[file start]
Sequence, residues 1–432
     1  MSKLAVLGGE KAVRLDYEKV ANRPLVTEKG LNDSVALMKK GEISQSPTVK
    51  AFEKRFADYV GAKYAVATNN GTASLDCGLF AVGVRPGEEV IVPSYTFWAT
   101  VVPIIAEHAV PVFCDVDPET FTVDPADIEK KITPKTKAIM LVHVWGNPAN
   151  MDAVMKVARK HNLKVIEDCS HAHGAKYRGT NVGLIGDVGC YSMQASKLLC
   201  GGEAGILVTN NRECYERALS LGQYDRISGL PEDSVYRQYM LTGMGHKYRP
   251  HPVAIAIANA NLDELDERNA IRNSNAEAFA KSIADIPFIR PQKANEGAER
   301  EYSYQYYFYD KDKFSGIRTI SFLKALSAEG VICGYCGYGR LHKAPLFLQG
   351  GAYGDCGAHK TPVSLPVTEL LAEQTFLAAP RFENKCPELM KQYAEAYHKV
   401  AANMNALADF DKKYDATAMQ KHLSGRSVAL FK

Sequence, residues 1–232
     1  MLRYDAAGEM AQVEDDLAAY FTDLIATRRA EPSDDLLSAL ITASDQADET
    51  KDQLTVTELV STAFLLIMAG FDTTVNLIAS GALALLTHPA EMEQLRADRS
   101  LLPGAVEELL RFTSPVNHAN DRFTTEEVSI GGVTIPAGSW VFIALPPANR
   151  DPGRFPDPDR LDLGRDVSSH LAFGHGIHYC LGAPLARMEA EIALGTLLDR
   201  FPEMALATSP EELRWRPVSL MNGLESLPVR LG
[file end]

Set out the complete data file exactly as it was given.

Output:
Sequence, residues 1–432
     1  MSKLAVLGGE KAVRLDYEKV ANRPLVTEKG LNDSVALMKK GEISQSPTVK
    51  AFEKRFADYV GAKYAVATNN GTASLDCGLF AVGVRPGEEV IVPSYTFWAT
   101  VVPIIAEHAV PVFCDVDPET FTVDPADIEK KITPKTKAIM LVHVWGNPAN
   151  MDAVMKVARK HNLKVIEDCS HAHGAKYRGT NVGLIGDVGC YSMQASKLLC
   201  GGEAGILVTN NRECYERALS LGQYDRISGL PEDSVYRQYM LTGMGHKYRP
   251  HPVAIAIANA NLDELDERNA IRNSNAEAFA KSIADIPFIR PQKANEGAER
   301  EYSYQYYFYD KDKFSGIRTI SFLKALSAEG VICGYCGYGR LHKAPLFLQG
   351  GAYGDCGAHK TPVSLPVTEL LAEQTFLAAP RFENKCPELM KQYAEAYHKV
   401  AANMNALADF DKKYDATAMQ KHLSGRSVAL FK

Sequence, residues 1–232
     1  MLRYDAAGEM AQVEDDLAAY FTDLIATRRA EPSDDLLSAL ITASDQADET
    51  KDQLTVTELV STAFLLIMAG FDTTVNLIAS GALALLTHPA EMEQLRADRS
   101  LLPGAVEELL RFTSPVNHAN DRFTTEEVSI GGVTIPAGSW VFIALPPANR
   151  DPGRFPDPDR LDLGRDVSSH LAFGHGIHYC LGAPLARMEA EIALGTLLDR
   201  FPEMALATSP EELRWRPVSL MNGLESLPVR LG